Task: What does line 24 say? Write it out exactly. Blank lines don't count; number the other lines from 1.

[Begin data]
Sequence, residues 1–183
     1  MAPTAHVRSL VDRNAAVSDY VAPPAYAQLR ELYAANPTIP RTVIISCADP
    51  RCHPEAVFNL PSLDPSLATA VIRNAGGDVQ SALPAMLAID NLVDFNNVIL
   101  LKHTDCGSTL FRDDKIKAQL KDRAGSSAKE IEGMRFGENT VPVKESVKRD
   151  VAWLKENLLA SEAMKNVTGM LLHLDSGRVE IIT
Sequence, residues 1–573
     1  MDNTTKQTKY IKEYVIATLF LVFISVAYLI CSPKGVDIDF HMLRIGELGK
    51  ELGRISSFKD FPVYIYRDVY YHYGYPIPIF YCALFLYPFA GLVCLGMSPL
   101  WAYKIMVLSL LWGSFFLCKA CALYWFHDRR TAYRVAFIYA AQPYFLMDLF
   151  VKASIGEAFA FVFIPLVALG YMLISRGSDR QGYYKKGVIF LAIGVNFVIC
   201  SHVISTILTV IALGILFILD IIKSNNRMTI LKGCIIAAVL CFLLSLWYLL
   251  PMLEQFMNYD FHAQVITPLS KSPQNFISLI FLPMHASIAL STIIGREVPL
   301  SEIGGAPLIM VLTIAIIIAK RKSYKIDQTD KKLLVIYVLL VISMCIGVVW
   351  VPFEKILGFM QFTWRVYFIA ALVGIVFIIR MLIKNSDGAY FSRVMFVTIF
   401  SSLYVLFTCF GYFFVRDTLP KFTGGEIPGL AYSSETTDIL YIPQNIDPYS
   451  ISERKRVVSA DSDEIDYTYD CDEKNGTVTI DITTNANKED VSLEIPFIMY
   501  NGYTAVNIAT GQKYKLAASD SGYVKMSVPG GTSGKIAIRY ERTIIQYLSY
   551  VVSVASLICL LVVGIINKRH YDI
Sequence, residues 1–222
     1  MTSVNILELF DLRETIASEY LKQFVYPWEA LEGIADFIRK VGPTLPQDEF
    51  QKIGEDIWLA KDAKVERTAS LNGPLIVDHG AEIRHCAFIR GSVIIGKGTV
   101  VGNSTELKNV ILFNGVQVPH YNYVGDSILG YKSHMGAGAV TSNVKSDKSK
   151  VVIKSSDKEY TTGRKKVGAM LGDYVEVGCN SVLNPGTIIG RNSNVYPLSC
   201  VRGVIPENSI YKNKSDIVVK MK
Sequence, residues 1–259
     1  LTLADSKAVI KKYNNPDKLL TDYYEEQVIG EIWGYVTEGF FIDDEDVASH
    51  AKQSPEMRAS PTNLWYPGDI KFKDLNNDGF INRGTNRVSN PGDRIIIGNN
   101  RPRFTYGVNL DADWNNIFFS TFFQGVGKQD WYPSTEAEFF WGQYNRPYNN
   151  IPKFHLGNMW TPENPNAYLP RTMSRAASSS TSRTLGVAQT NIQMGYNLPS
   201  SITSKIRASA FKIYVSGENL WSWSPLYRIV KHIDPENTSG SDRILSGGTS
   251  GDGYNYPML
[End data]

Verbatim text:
   201  VRGVIPENSI YKNKSDIVVK MK